Marty’s moves on
Published 3:32 pm Wednesday, November 25, 2009
Less than 12 months ago, Marty Miland was a happy business owner on Main Street in Austin.
Then, on Jan. 15, 2009, a large fire at the former Mi Tierra properties next door led to a massive firefighting response — a response that left Miland’s hobby store severely damaged by water from the fire hoses.
Miland decided that Marty’s Hobbycraft would not reopen, and this week the store owner has been working to finish clean-up work inside the building.
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Now nearly completely gutted, the space that was Marty’s Hobbycraft will likely soon go up for sale, ending a 20-year run for Miland.
“I really liked the business,” she said. “It was just something I enjoyed doing.”
Miland, 68, said she’s not sure what’s next in her life, but Marty’s is not likely to spring back to life in another location.
“I’m 68,” she reiterated for her reason.
Though hobbies like toy train collecting and model building — two of Miland’s specialties — have been declining in popularity in recent years, Miland said she still had regular shoppers.
And with Marty’s no longer open, downtown Austin is without a hobby shop for the first time in more than 50 years — Miland said the previous owner of her building sold collectibles for 32 years.
But Miland still has plenty of supplies — despite heavy damage to the store, much of her merchandise went unscathed — and she intends to continue selling what’s left on eBay.
“Once we get this cleaned up, we might sell more online,” Miland said.
‘It was worse than I expected’
Miland wasn’t able to enter her store for several days after the fire as crews continued to work at the neighboring properties.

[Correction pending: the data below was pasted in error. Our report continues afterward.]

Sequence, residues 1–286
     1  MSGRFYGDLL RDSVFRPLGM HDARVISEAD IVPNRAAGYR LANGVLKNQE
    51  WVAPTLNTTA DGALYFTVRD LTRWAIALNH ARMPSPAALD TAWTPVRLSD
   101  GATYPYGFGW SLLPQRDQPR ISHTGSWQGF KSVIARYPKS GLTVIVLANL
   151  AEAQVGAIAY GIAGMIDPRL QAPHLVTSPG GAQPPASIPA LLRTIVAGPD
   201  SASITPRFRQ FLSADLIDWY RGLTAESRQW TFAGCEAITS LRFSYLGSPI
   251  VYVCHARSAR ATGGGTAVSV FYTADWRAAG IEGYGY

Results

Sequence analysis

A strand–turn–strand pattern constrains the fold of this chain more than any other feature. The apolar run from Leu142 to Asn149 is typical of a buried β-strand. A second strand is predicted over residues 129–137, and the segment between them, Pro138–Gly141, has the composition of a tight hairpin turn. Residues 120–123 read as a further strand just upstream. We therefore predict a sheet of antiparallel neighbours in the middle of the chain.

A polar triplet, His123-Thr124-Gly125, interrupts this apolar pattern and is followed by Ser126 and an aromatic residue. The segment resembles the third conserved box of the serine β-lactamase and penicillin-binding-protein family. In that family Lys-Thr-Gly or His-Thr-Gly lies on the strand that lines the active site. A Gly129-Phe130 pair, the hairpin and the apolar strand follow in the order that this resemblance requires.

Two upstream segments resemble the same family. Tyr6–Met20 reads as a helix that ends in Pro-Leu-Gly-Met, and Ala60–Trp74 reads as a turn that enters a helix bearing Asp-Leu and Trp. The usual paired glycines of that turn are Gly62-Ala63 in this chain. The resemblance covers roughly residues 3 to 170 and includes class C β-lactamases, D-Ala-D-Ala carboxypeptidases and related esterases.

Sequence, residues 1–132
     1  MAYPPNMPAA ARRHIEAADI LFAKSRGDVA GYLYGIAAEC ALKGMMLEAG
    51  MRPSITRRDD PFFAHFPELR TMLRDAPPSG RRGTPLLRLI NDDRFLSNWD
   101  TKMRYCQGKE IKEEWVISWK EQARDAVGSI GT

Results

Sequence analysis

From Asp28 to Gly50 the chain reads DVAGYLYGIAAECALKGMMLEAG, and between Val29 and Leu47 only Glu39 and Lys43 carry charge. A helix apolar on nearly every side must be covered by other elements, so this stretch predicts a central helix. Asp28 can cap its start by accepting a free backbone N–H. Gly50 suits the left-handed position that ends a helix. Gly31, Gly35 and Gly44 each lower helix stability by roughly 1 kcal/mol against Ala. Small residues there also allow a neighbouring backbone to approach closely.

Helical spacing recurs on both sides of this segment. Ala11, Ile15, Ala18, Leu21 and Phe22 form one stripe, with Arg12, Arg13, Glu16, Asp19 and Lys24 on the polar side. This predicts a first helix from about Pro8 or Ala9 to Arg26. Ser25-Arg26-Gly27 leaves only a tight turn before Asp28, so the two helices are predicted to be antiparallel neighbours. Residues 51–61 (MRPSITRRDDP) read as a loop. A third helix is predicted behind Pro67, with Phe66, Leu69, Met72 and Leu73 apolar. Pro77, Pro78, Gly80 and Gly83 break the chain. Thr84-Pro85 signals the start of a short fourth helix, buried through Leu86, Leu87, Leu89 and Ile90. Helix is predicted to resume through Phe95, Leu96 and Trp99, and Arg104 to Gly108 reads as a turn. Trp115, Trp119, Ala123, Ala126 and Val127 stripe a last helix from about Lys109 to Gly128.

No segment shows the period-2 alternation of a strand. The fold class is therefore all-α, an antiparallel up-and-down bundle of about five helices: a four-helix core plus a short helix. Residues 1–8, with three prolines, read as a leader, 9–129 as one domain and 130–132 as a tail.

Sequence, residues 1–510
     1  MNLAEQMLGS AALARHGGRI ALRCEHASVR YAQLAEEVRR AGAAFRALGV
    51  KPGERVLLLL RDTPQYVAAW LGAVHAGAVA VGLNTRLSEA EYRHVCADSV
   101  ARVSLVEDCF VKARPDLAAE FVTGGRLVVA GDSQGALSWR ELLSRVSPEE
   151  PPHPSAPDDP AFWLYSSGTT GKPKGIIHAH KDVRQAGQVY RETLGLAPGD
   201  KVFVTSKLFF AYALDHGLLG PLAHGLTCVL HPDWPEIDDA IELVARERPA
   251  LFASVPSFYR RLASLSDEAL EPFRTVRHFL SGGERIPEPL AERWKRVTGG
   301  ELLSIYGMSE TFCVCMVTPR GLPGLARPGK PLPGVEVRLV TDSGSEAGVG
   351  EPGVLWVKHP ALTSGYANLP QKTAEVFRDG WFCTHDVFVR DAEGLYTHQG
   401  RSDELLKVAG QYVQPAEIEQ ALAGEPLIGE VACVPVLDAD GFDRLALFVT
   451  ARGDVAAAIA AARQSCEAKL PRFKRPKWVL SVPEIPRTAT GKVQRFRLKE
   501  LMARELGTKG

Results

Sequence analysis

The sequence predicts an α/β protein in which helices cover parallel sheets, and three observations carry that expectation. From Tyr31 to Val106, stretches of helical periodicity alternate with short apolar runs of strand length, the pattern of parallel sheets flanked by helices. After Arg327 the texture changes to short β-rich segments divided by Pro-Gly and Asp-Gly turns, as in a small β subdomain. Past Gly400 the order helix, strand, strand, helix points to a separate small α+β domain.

But when she did finally get inside, the carnage was shocking.
“When we finally got in there, it was like ‘Oh my god,’” Miland said. “It was worse than I expected.”
The south wall, which borders the destroyed Top Ten Nails, was in the worst shape, with tagboard siding heavily warped from the water.
The ceiling also collected a lot of water — Miland said it was a “sponge” — and with all of it freezing over, overhead tiles got very heavy and collapsed. One time, Miland had to warn a visiting insurance agent to jump out of the way of a falling ceiling chunk.
Utilities were also cut off as the city worked amid the Main Street wreckage.
“It was like walking into a freezer,” Miland said of entering her store for the first time after the fire.
Before the fire, Miland had no immediate plans to close her store, but she understands that unexpected events sometimes force your hand.
“What are you gonna do?” she said.
Since then, she’s collected roughly $97,000 in insurance — the damage is an estimated $270,000, but Miland feels she’s been fairly compensated — but collecting it has been harder than usual because the city declared in February that the blaze was intentionally set.
No suspects or causes have been identified in the arson investigation, and Miland said she has “mixed feelings” about it.
Still, she is determined to move on and eventually sell the empty space, which Miland says is structurally sound.
The end of Miland’s clean-up work has coincided with the end of the city’s
Engineer Jon Erichson said at a council meeting earlier this month that the city has done basically all it can at the site, which is now covered in fresh dirt and grass seed.
It took roughly 10 months to get to this point because Maria Leon, owner of the Mi Tierra properties, initially refused to clean up her ravaged buildings.
The dispute made its way to Mower County court, and eventually the two sides settled, paving the way for work to go forward.
But because the now-barren land is privately owned, the city has to leave it as is.
The empty space may be a bit of an eyesore downtown, but Miland plans on doing what she can to help beautify the area before she’s fully moved out.
The property owner will have lights in her vacant windows to celebrate Friday’s “Christmas in the City.”
And when the lights come down, Miland’s run downtown will be over.
“I really enjoyed it,” she said.